“End of Serenity” photo will be displayed aboard USS Somerset

By Judy D.J. Ellich Daily American

Indian Lake Borough resident Val McClatchey, center, donates a copy of her photo titled, "End of Serenity" to be added to the USS Somerset. The donation was presented to the Somerset County Commissioners from left, John Vatavuk and Pamela Tokar-Ickes. (Photo by Judy D.J. Ellich / June 19, 2013

Indian Lake Borough resident Val McClatchey, center, donates a copy of her photo titled, “End of Serenity” to be added to the USS Somerset. The donation was presented to the Somerset County Commissioners from left, John Vatavuk and Pamela Tokar-Ickes. (Photo by Judy D.J. Ellich / June 19)

“End of Serenity,” the famous photograph taken by Indian Lake resident Val McClatchey on September 11, 2001, will find a home aboard the USS Somerset.

The photo depicts a smoke plume above a red barn near the crash site of United Airlines Flight 93. A copy of it will be placed on the USS Somerset, which is scheduled to be commissioned by the U.S. Navy in the spring.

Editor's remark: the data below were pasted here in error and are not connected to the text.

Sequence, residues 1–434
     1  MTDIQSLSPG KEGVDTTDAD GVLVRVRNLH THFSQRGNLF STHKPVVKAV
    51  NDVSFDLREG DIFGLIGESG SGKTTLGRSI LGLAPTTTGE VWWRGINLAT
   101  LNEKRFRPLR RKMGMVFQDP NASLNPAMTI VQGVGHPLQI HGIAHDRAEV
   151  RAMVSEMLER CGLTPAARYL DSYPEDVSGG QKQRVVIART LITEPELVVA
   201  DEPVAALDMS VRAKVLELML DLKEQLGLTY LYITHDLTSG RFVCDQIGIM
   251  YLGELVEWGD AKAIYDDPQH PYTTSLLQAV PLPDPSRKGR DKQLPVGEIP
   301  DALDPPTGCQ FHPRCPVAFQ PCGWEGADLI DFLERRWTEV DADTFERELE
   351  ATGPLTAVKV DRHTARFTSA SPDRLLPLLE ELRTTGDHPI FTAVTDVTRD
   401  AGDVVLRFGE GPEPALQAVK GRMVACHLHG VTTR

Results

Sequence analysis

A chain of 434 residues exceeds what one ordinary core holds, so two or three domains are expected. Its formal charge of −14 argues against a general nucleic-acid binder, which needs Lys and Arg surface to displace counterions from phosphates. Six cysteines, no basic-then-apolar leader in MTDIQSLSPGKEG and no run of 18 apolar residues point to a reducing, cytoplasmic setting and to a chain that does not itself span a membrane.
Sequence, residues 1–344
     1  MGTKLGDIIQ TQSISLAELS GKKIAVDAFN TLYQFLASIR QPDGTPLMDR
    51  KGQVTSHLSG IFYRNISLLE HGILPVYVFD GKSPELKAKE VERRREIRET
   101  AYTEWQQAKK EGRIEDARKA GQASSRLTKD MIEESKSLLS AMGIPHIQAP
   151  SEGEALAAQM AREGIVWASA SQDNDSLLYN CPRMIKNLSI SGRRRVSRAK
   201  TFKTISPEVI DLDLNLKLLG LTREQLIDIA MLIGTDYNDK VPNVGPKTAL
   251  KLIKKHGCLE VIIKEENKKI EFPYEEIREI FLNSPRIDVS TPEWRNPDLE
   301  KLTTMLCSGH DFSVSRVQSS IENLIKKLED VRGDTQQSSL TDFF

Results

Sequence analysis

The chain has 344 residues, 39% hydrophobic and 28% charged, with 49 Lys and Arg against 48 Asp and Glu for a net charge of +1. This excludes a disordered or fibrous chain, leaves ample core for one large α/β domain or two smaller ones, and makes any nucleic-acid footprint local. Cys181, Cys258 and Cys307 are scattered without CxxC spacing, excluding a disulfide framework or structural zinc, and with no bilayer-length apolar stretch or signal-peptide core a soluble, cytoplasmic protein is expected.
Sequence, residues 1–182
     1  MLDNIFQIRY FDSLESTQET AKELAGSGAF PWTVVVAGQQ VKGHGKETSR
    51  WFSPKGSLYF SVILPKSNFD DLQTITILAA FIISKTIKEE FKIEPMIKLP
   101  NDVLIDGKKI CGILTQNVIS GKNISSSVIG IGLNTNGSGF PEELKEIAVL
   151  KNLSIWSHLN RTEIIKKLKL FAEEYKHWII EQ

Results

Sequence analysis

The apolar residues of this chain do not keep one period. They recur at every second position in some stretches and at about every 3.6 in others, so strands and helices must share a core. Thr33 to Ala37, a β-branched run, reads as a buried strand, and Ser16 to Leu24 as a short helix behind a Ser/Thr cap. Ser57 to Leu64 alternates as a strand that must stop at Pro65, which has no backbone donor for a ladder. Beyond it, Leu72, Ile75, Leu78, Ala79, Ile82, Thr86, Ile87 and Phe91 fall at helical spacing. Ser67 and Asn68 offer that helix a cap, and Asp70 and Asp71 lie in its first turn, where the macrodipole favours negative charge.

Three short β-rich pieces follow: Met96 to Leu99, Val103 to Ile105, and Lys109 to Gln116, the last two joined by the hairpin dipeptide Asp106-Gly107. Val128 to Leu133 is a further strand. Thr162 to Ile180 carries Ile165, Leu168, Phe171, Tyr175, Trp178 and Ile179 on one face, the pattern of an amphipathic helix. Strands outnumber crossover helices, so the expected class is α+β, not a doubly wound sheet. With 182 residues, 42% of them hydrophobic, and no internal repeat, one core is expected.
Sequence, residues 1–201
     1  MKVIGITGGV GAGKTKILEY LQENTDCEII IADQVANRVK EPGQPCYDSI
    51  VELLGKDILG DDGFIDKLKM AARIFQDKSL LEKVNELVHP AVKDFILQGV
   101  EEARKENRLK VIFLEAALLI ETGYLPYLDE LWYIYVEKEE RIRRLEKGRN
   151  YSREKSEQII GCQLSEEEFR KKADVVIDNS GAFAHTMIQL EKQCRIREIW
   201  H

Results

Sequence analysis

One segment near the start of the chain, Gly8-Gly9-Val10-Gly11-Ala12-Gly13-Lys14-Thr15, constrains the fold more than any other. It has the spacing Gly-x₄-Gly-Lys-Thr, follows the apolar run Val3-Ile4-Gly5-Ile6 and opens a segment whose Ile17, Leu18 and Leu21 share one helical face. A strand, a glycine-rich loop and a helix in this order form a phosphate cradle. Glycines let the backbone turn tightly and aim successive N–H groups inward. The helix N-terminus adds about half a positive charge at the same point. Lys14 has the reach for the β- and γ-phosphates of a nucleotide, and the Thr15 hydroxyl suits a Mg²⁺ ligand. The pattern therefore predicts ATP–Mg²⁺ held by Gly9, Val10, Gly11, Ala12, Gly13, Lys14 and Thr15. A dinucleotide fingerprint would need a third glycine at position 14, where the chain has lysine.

“This is an incredible honor for the photo to be part of history,” she said.

McClatchey presented the framed photo to the Somerset County commissioners Tuesday. Commissioner John Vatavuk will mail the donated photograph to New Orleans, where it will eventually be placed in the Flight 93 museum on the ship.

Wood from sugar maple trees cut down for construction of Route 219 from Meyersdale to Somerset will join the photo in the museum. A framed Somerset County map and three signs will also be sent within the next month, said Vatavuk, who has worked on the ship project since 2008.

McClatchey’s photo and a video by the late Dave Berkebile, of Berlin, which also shows a cloud of smoke rising from the crash site, were the background for the dedication of the George W. Bush Presidential Library and Museum as shown on the “Today” show in April, McClatchey said.

She remembers that the “Today” show was on September 11, 2001, when she ran outside and snapped the photo, which has traveled the world since.

Her photo has been published worldwide and was recognized by the International Society of Photography. McClatchey was awarded the Outstanding Achievement for Amateur Photography. The photo hangs in the Smithsonian Institution in Washington, D.C. Last year her photo was displayed at the National September 11 Memorial & Museum in New York City. The Flight 93 National Memorial is another destination. And now it will be a part of the USS Somerset, which commemorates the actions of the airplane’s passengers and crew.

“I’ve been told that the life expectancy of a Navy ship is about 50 years,” Vatavuk told McClatchey as he accepted the donation. “This picture will be floating around the world for at least 50 years.”

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